MEXICO CITY — American drivers have it good compared to their Mexican counterparts who on average pay 135% more for gasoline, according to data compiled by Hart Energy.
Gasoline prices in Mexico usually exceed U.S. prices due to higher import and logistic costs related to a deficit of domestically-produced gasoline and illicit fuel trade, according to details revealed by state-owned Petróleos Mexicanos (Pemex) in its 2022 Form 20-F.
Higher gasoline prices also impact government tax collections.
When the U.S. dollar and oil prices rise, Mexico’s government lowers its quota, or collections received for its Special Tax on Production and Services (IEPS). When the dollar and oil prices fall, the government boosts the quota to collect more taxes.
“The price of gasoline has become a buffer for tax collection, which has fallen as a result of the economic slowdown,” Erick Sánchez Salas, Rystad Energy’s vice president of business development, told Hart Energy on July 5 from Mexico City. “Lower the price, increase the IEPS and [you] have a greater margin to collect.”
The average price of regular gasoline in Mexico was $4.82/gallon (84.30 pesos per gallon) in June, Mexico’s consumer protection agency PROFECO revealed July 3 on its website. This compares to around $4.14/gallon a year ago before adjusting for inflation.
In comparison, the average gas price in the U.S. was $3.53/gallon on July 4, the American Automobile Association, Inc. or AAA, a federation of affiliated automobile clubs, reported on its website. This compares to an average price of $4.81/gallon a year ago.
A lack of domestically-produced gasoline
Mexico’s President Andrés Manuel López Obrador aims to achieve energy auto sufficiency in both the production of crude oil and gasoline by the end of his term in 2024.
But Pemex continues to struggle to significantly boost oil production as its refineries lack the potential to fulfill domestic demand for gasoline due to low processing rates.
“There is no quick fix,” Sánchez said. “Complex and innovative actions are needed to reverse declining oil production, redress debt problems and do something about depleting [oil and gas] reserves.”
Pemex owns and operates six refineries in Mexico: Cadereyta, Madero, Minatitlán, Salamanca, Salina Cruz and Tula. Combined, the refineries have an atmospheric distillation capacity to process 1.640 MMbbl/d.
Initially designed to process light oil, the refineries are most capable of producing products such as gasoline, jet fuel, diesel, atmospheric gas oil and atmospheric residual crude oil, according to Pemex. However, the company primarily produces heavy oil at present.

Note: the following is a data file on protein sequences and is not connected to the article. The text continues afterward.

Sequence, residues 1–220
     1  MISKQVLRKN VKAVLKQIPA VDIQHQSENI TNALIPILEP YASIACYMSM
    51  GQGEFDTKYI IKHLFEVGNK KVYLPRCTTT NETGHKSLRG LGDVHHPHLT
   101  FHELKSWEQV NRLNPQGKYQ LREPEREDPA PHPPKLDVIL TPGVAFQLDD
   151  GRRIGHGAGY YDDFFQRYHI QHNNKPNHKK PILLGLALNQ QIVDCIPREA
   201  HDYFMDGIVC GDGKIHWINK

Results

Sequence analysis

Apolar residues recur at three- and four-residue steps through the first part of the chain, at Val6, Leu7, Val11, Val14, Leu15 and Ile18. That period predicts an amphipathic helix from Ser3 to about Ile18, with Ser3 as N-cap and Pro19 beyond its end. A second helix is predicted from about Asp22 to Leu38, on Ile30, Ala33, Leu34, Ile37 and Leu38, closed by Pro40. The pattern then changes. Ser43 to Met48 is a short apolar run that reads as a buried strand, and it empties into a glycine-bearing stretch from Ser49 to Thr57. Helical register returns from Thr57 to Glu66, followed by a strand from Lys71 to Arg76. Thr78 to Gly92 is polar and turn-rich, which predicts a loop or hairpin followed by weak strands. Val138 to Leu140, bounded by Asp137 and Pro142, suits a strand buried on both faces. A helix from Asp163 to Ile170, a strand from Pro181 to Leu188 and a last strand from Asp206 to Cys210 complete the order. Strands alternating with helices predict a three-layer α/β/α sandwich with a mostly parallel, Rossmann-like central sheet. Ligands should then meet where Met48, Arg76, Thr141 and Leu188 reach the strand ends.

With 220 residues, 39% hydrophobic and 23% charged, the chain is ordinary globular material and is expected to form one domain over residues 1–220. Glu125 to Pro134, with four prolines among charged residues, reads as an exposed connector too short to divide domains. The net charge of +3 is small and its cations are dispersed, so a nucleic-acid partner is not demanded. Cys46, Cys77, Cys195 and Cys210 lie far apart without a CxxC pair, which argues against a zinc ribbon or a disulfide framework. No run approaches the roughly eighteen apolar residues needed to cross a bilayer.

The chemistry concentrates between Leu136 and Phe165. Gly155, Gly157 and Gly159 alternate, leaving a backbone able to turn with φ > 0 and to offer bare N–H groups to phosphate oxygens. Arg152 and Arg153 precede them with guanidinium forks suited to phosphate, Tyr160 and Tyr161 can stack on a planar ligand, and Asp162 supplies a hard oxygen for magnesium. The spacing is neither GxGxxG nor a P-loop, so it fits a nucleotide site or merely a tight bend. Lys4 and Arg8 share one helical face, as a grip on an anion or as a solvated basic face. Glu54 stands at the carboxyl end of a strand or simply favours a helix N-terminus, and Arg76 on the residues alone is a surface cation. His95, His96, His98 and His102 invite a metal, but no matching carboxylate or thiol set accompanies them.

The six refineries processed just 0.816 MMbbl/d in 2022, compared to 0.712 MMbbl/d in 2021. In 2022, Pemex imported 0.419 MMbbl/d of gasoline, which represented 52.3% of the total domestic demand for gasoline that year, according to the company’s annual filing.
Ongoing efforts by Pemex to boost the processing capacity of its existing domestic refineries include rehabilitation work to address risks related to mechanical integrity, safety and efficiency improvements. Additionally, construction of the new 0.340 MMbbl/d capacity Olmeca refinery in Dos Bocas, Tabasco, is ongoing and expected to reach full capacity in 2024.
Pemex started to supply oil to the Olmeca refinery in late-June as part of its efforts to “start gasoline production to achieve energy sovereignty,” the Mexican government announced June 30 in a Twitter post.
Internationally, Pemex expanded its refinery base with its January 2022 purchase of a 50.005% interest in Shell Oil Co.’s Deer Park refinery in Texas. Now as the lone owner of the refinery, Pemex aims to boost its overall production of petroleum products and reduce its imports in a move to achieve self-sufficiency in fuels.
Illicit fuel trade
Arguably, Mexico’s second most pressing headwind against fulfilling domestic demand for gasoline is illicit fuel trade. Since 2019, the government has taken steps to reduce the illicit fuel market, but much so in vain, Mexico City-based Pemex said in its annual filing.
Approximately 13,946 illegal pipeline taps were found in 2022 compared to the 11,037 in 2021, according to Pemex. In addition, the company’s facilities continue to suffer “intentional acts of sabotage, terrorism, blockades, theft and piracy … [and] a period of heightened criminal activity, primarily due to the activities of drug cartels and related criminal organizations,” Pemex said.
As of Dec. 31, 2022, there were 6,987 Pemex retail service stations in Mexico, of which 6,942 were privately owned and operated as franchises and the remaining 45 owned by Pemex Industrial Transformation, a Pemex affiliate.
While much of the blame for Mexico’s gasoline shortage is usually cast on Pemex, a number of companies have a retail presence in Mexico including Shell, Gulf, Mobil, BP, Chevron, Valero and Repsol, among others. Despite this Who’s Who list of international retail players, only plans announced thus far by Pemex have immediate potential to improve the situation.
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